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Fun Fact: Thomas Quinn named his chickens Tonight, Madras, Korma, Roast, and Nugget (or possibly Kiev); all of them are affectionately known as “his ladies.” As a tribute, Jemima named her duck Crispy. I felt you should know all that because it tickled me throughout the entire book.

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⚠️ Content Warnings

Alcohol & Drugs

Mentions of alcohol & drinking – Pages 3, 12, 34, 57, 85, 90, 93, 94, 105, 106, 107, 121, 244, 245, 247, 264, 290, 325, 326, 327, 328, 331, 336, 337, 338, 339, 342, 343, 344, 345, 346, 349, 350, 351, 356, 359, 358, 360, 361, 368, 369, 376, 377, & 378

Mentions of drugs & smoking – Pages 106, 109, 121, 159, 223, 245, 290, 298, & 360

Grammar & Spelling

Page 22 – “Gazelle on heat” instead of “Gazelle in heat”

Page 57 – “ . . . ask Levi” instead of “ . . . asks Levi”

Page 62 – “ . . . there is defies logic” instead of “ . . . there defies logic”

Page 85 – Smoother those in gravy” instead of “Smother those in gravy”

Page 129 – “I found large two pumpkins” instead of “I found two large pumpkins”

Page 184 – “Dotty” instead of “Dottie,” not sure if this was intentional or not

Language

A$$ or Ar$e – Pages 71, 125, 201, 327, 331, & 353

Balls Up or Ballsing it up – Pages 54 & 57 

Bastards – Page 335

Bloody or Bloody H*ll- Pages 11, 16, 18, 19, 20, 22, 54, 59, 64, 68, 69, 72, 73, 116, 117, 118, 137, 161, 170, 171, 177, 187, 195, 196, 206, 216, 229, 255, 260, 261, 289, 293, 300, 322, 331, 335, 345, 355, 364, & 365

Bugger(s) or Buggered off – Pages 11, 51, 54, 55, 72, 85, 91, 182, 183, 205, 217, 274, 289, 299, 306, 307, 323, 327, 328, & 360

Cheeky Sod – Page 194

Chr*st – Page 364

D*mn, D*mn it, or D*mned – Pages 22, 59, 80, 157, 197, 256, 309, & 375

For F*ck’s Sake – Page 355

Git – Pages 181 & 337

H*ll – Pages 29, 59, 67, 72, 172, 195, 247, 261, 273, 280, & 364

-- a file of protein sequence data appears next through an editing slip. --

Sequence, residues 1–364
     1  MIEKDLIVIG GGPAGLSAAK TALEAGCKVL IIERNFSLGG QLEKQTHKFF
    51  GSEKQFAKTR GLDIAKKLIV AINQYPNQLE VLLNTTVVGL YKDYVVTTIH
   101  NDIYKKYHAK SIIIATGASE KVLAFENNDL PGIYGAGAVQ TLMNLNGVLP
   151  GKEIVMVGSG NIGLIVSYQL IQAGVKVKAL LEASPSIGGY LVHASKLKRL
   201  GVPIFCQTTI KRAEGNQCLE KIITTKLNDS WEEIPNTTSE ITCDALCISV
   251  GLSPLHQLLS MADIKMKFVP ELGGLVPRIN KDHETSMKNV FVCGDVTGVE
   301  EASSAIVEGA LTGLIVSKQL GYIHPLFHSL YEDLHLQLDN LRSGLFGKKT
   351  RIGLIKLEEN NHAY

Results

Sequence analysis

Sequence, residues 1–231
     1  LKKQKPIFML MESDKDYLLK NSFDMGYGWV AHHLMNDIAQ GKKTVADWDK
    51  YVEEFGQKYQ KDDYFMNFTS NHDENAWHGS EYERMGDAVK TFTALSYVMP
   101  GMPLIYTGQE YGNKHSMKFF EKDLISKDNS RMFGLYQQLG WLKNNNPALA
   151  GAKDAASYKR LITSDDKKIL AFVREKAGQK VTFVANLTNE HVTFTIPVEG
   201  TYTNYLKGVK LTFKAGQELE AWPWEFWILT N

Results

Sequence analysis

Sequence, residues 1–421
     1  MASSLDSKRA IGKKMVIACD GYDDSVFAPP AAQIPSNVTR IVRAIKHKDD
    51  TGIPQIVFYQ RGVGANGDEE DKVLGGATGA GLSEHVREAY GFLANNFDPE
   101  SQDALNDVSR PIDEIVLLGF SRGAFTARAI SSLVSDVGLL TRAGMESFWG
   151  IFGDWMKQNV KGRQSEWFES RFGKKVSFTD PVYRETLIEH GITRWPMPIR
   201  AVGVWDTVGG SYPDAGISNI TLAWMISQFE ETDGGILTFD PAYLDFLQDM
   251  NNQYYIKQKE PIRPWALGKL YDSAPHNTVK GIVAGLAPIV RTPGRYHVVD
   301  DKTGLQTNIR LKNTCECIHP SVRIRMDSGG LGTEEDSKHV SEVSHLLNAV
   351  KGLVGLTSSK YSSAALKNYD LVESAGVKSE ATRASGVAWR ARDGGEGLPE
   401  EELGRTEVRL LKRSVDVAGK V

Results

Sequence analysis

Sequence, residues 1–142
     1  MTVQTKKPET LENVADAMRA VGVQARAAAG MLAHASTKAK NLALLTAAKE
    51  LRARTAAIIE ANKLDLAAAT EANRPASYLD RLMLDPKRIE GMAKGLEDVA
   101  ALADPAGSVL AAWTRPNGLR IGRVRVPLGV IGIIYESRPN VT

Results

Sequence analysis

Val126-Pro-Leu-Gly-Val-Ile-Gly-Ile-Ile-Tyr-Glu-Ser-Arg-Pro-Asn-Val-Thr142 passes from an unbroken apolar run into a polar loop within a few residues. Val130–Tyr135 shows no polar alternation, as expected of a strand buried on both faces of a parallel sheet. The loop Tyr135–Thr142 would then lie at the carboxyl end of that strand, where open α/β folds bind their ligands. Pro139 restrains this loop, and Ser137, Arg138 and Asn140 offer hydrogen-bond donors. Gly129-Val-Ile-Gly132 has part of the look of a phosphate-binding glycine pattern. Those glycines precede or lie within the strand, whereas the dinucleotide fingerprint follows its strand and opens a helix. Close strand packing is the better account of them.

Go to H*ll – Page 241

Haven’t a Hope in H*ll – Page 194

What, Where, or Who the H*ll – Pages 94, 101, 104, 117, 125, 167, 202, 204, 218, 224, 264, 270, 286, 304, 315, 320, 335, 347, & 354

L*rd Knows – Page 250

My G*d – Page 70

Piss-Taking – Page 195

Pissing Me Off – Page 54

Pull His Finger Out – Page 203

Shagathon – Page 241

Shagging – Page 237

Sh*t – Pages 37 & 47

Sh*te – Page 61

Sh*tty – Page 61

Sodding – Pages 22, 73, 121, 169, 172, 206, 212, 241, 242, 243, 335, 344, & 365

Taking the Piss – Page 5

Tits up – Page 180

Tiny as or Tinier than a newborn’s winky – Pages 33 & 301

Sensual/Sexual Moments

*DISCLAIMER: In order to be thorough, there are moments that will be spoiled in this section of my review.

SPOILERS INCOMING

Page 104 – Melissa feels attraction to Levi, a man who is not her husband

Page 169 – It’s implied that Melissa doesn’t want to mention Levi’s name to her husband

Pages 171 to 173 – Melissa hugs Levi & cries on his shoulder after a tense FaceTime conversation with her husband

Pages 190 to 195 – Melissa spends the day with Levi alone, having conflicting thoughts about her marriage. Aside from being alone together in a car on a day-long roadtrip, nothing inappropriate happens.

Page 206 – Melissa & Mungo are tangled up on the floor of The Veggie Rack covered in Jemima’s pumkin chutney which has exploded. Dottie walks in on them & assumes something else is happening. Melissa humorously describes the scene as looking like a “kinky sex session with a fetish for orange lube.”

Page 231 – Jemima describes Ned’s strong jawline & cleft chin as sexy, feeling nervous flutters as he’s buttoning up a coat she’s borrowing from him